See e.g., Pareja v. Princeton Int'l Props., 463 N.J. Super. 231, 235-36 (App. Div. 2020) (certification granted by NJ Supreme Court).

New York

In New York, "under the storm in progress rule, a property owner will not be held responsible for accidents occurring as a result of the accumulation of snow and ice on its premises until an adequate period of time has passed following the cessation of the storm to allow the owner an opportunity to ameliorate the hazards caused by the storm." Baolin Liu v Westchester Prop. Mgt. Group, Inc., 145 AD3d 942, 943 (2d Dept. 2016). A defendant can prove this defense with lay testimony or meteorological data showing that there was precipitation ongoing at the time of the accident. Giron v. New York City Housing Authority, 187 AD 3d 603 (1st Dept. 2020).

Further, a lull in the storm does not impose a duty upon the owner to remove snow and/or ice before the storm ceases in its entirety. Rabonowitz v. Marcovecchio, 119 A.D.3d 750 (2d Dept. 2014). However, the defendant must also prove that the plaintiff did not slip on snow or ice that pre-existed the “storm” in question. Ryan v. Beacon Hill Estates Coop., Inc., 170 A.D.3d 1215 (2d Dept. 2019).

Within the City of New York, the “storm in progress” rule is codified in NYC Administrative Code 16-123 and provides a grace period until four hours after the cessation of the storm in progress, and excluding the hours of 9:00 p.m. to 11:00 a.m. See, Rodriguez v. New York City Hous. Auth., 52 A.D.3d 299 (1st Dept. 2008); Schron v. Jean's Fine Wine & Spirits, Inc., 114 A.D.3d 659, 660 (2d Dept. 2014).

Rhode Island

For its “storm in progress” rule, Rhode Island follows the “Connecticut Rule” (see above). Fuller v. Housing Authority of Providence, 279 A.2d 438 (1971) (eschewing the so-called “Massachusetts Rule” and adopting the “Connecticut Rule” instead). Under the Connecticut Rule, “a landlord owes a duty to his or her tenants ‘to use reasonable care to see that the common areas are kept reasonably safe from the dangers created by an accumulation of snow and ice which is attributed to purely natural causes.’” Benaski v. Weinberg, 899 A.2d 499, 502 (R.I. 2006) (quoting Fuller, 279 A.2d at 440).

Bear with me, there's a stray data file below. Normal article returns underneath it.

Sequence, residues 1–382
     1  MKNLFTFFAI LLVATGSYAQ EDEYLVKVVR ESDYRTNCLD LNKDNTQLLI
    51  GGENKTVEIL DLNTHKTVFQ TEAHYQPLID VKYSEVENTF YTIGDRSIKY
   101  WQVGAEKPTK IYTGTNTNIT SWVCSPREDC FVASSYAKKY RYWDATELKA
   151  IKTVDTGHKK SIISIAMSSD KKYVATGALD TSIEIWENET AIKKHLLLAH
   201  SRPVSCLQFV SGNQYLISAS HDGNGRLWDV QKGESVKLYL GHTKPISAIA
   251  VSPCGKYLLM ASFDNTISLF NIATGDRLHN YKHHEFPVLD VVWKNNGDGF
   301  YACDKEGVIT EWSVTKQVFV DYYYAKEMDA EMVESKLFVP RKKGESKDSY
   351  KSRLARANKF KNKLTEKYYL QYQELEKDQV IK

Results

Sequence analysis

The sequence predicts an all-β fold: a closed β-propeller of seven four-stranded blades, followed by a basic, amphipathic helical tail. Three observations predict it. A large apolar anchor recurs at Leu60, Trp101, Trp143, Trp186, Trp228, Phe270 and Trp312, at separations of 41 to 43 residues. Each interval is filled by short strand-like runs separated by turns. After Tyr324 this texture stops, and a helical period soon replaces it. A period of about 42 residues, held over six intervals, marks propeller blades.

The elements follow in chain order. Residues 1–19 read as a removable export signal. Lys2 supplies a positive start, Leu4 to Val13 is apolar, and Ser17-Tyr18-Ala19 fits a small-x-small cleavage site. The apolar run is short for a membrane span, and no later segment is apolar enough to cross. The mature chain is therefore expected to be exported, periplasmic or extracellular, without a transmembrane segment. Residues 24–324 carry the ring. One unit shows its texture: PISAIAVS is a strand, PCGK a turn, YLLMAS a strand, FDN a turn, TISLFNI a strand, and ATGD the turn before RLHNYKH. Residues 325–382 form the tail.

In Rhode Island, the Connecticut Rule applies to both landlords and business invitors. Terry v. Central Auto Radiators, Inc., 732 A.2d 713, 716 (R.I. 1999) (expanding the application of the Connecticut Rule beyond the landlord-tenant context to situations involving a business invitor and a business invitee). Significantly, the duty also does not arise until a reasonable time after the storm has ended. See Sullo v. Greenberg, 68 A.3d 404, 407 (R.I. 2013) (“Because the rationale is to allow a reasonable time to treat surfaces rather than ineffectually fight a continuing storm, the Connecticut Rule is intended to apply to ongoing winter storms resulting in an accumulation of snow, ice, or frozen rain.”).

However, under Rhode Island law, the Connecticut Rule only applies to relieve landlords and business invitors of their duty to treat their premises “only in the absence of unusual circumstances.” Id. at 408 (quoting Terry, 732 A.2d at 717). An “unusual circumstance” has been found where a business invitor had “exacerbated and increased the risk” to their business invitees, for example. See Terry, 732 A.2d at 717-18 (finding an unusual circumstance and therefore a heightened duty of care where a plaintiff brought her car to the defendant-mechanic’s shop during a snow storm and when the plaintiff returned, the defendant instructed her to retrieve her car from a back lot that had been untreated, where the plaintiff fell).

For more information on these state-specific rules, contact the relevant office managing partner. Visit our General Liability Page for more alerts in this area.

Northeast Office Managing Partners:

Angeline N. Ioannou, Managing Partner - Hartford, CT

Kenneth B. Walton - Managing Partner - Boston, MA

Colin P. Hackett, Managing Partner - Newark, NJ

Gregory S. Katz, Managing Partner - New York, NY

Lauren Motola-Davis, Managing Partner - Providence, RI